JORDAN HILL, JARED JEFFRIES, OPTION TO SWAP 1ST ROUND PICK IN 2011 (TOP 1 PROTECTION), 2012 1ST ROUND PICK (TOP 5 PROTECTION), AND LARRY HUGHES TO HOUSTON/SACRAMENTO
FOR
TRACY MCGRADY, SERGIO RODRIGUEZ

Mike Kurylo: I’m not sure what else to say that I didn’t say yesterday. So I’ll look at what this deal means for this year. I admit I’m a bit excited to see some new blood on what’s become a lifeless team. However there’s a nagging voice in the back of my head that is telling me not to get too optimistic. I would love for someone to take Duhon’s place in the starting lineup. But part of me is hoping it’s not McGrady, because if he plays well then the front office might overpay to keep him. I don’t want my future hopes resting on Donnie Walsh giving him a reasonable contract, T-Mac staying healthy for a full season, and shooting more efficiently than he’s been in the past (he’s had exactly one season with a TS% over 54%). What are the odds all that comes to fruition?

Perhaps Sergio Rodriguez would be the guy to send Duhon packing. But I just don’t trust D’Antoni to play him, and can you blame me? Remember the NBDL-shuffle of last year? The 2 whole games he gave Nate Robinson this year (one against Cleveland) before calling the experiment a failure? Von Wafer? Morris Almond? I just don’t envision Mike D’Antoni handing over the reigns to a youngster, especially with how oddly married he is to Duhon. My guess is that Sergio won’t get a chance until it’s too late, and he’ll be gone without given a fair shake.

On the long term it’s a lot to pay for moving the contracts of Hill and Jeffries, and I’d be much happier if things go wrong in the next 3 seasons we still have our draft pick to comfort us on those cold February days when the team is playing poorly. I’d like to give this a D or an F, but the remote chance this brings in 2 studs and the draft picks don’t matter gives it some hope. C-

Thomas B.: This is NOT the 13 points in 35 second Tracy McGrady coming to NY. I hope folks understand that. This guy is much closer to the Anfernee Hardaway we got in 2004: an injury riddled once dominant scoring wing. I’m excited about what Sergio might be able to do…to Duhon. If he can’t steal Duhon’s minutes at point he does not need to be in the NBA. Sergio should be allowed a fair shot to supplant Duhon. We know Duhon won’t be back, so at least see if Sergio is worth bringing back on the cheap. Other than the draft picks, I won’t miss what we sent away.

This deal was not about players, it was about cap room and Walsh delivered. Now we have to see what that cap room turns in to. This deal can’t be graded fairly until July 2010. And the true impact will not be known until May of 2011 (playoffs anyone?). For now, I’ll grade this pass/fail. So for giving the team a chance to dream about James/Bosh or James/Wade or Wade/Bosh, Walsh earns a Pass. But if he goes all Dumars this off season…..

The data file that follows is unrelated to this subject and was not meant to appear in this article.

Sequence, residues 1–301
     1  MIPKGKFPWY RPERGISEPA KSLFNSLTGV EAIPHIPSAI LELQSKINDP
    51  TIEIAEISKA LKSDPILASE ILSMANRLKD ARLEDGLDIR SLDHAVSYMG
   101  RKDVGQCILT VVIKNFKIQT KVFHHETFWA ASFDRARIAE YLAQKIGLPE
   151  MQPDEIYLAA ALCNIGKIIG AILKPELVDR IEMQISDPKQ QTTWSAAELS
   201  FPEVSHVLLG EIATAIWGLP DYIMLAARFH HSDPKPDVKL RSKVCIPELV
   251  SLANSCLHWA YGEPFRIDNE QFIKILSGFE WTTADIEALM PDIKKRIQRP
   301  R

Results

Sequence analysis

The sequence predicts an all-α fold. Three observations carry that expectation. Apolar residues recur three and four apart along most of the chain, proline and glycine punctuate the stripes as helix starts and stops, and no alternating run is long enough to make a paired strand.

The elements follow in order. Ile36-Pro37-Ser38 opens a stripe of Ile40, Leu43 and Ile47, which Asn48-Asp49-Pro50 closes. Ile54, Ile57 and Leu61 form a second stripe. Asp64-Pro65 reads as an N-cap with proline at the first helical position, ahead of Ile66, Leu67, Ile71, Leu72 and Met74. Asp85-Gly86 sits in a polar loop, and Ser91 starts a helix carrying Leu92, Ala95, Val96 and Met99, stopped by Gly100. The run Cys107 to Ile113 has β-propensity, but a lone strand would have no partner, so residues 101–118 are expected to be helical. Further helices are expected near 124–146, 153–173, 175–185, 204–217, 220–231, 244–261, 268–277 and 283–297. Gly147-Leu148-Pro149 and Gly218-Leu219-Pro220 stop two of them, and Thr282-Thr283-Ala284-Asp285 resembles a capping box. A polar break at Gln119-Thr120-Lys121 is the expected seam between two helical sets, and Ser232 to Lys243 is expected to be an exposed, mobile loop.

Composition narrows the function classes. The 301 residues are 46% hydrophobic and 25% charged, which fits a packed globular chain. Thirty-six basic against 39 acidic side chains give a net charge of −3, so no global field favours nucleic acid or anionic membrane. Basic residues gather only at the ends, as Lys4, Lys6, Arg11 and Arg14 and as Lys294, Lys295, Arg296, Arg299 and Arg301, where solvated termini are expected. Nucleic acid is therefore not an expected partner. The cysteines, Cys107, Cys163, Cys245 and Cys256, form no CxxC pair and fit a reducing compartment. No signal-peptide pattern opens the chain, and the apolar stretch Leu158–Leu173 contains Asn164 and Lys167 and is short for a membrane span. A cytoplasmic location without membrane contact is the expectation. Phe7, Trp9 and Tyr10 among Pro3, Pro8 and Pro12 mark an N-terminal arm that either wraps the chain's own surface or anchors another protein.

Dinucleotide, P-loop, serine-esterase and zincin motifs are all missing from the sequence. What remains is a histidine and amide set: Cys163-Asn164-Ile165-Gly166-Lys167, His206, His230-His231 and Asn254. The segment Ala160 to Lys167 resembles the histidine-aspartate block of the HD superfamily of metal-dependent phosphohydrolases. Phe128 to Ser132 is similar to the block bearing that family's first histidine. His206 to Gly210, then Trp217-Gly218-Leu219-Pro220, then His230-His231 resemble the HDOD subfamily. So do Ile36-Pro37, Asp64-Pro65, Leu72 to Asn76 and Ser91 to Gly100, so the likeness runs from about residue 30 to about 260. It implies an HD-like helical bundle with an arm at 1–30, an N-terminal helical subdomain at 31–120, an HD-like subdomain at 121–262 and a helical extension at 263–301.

Robert Silverman: Outside of the roundball ramifications, from a semi-ontological point of view, doesn’t it seem like the Knicks are somehow osmotically taking on the karma/organizational principles (or lack thereof) of their Madison Sq. Garden co-occupants? For years, nay, decades…heck, since ice was invented, the Blueshirts have given a washed-up/injured “star” a year or two to spin/reclaim their former glory. Some worked out well (Messier, Jagr, even Gretzky) while for the most part they, to use an utterly shop-worn tabloid cliche, bombed in their B’way revival (Plante, Sawchuk, Hedberg, Nilsson, Esposito, Hodge, Dionne, Carpenter, Lafleur, Nicholls, Gartner, Kurri, Robitaille, Lindros, Fleury, etc. etc.). Look at the cats who’ve graced our roster in the past decade – McGrady, Hardaway, Jalen Rose, Steve Francis, Stephon Marbury, Van Horn, McDyess, Mutombo, etc. In 2001, that’s an all-star roster. Alas, it isn’t 2001 anymore, Victoria. And there ain’t no Santa Claus.

Look, Walsh went all in for LeBron/Wade. And as my fellow Knickerbloggers/other sportswriters/pundits have written, he had to do it. I’m going to cross the sporting barriers for my take on this: “…The day you say you have to do something, you’re screwed. Because you are going to make a bad deal…” – Billy Beane/Michael Lewis, Moneyball

Say LeBron/Wade gives the ‘Bockers the Heisman. What does Walsh do then? Just let all of that cap space sit there? Doesn’t Walsh, by the same logic then have to overpay Stoudamire/Johnson/Gay (or trade for Arenas – shudder) even if none of them are close to being worth a max deal? Like Thomas B., I’m going to hedge my bets/grades: A+ (LeBron/Wade agrees to be NY’s best girl)/D- (Walshtoni’s so depressed/on the rebound that he throws money/a promise ring at the first vaguely attractive gal who comes his way)

Kevin McElroy: Look everybody, I know we’ve grown accustomed to expecting the worst here. I also know that there is plenty NOT to like about this trade [For example: how’s that “Nate and Jeffries for Kenny Thomas” trade look now? Far be it from me to say “I told you so,” but I think we can put to rest the idea that Walsh was wise to turn down that opportunity because he was waiting on something better (I’m looking at you “Donnie Walsh Report Card” commenters!) I hope for the sake of Walsh’s sleep schedule that rumor was unfounded all along.].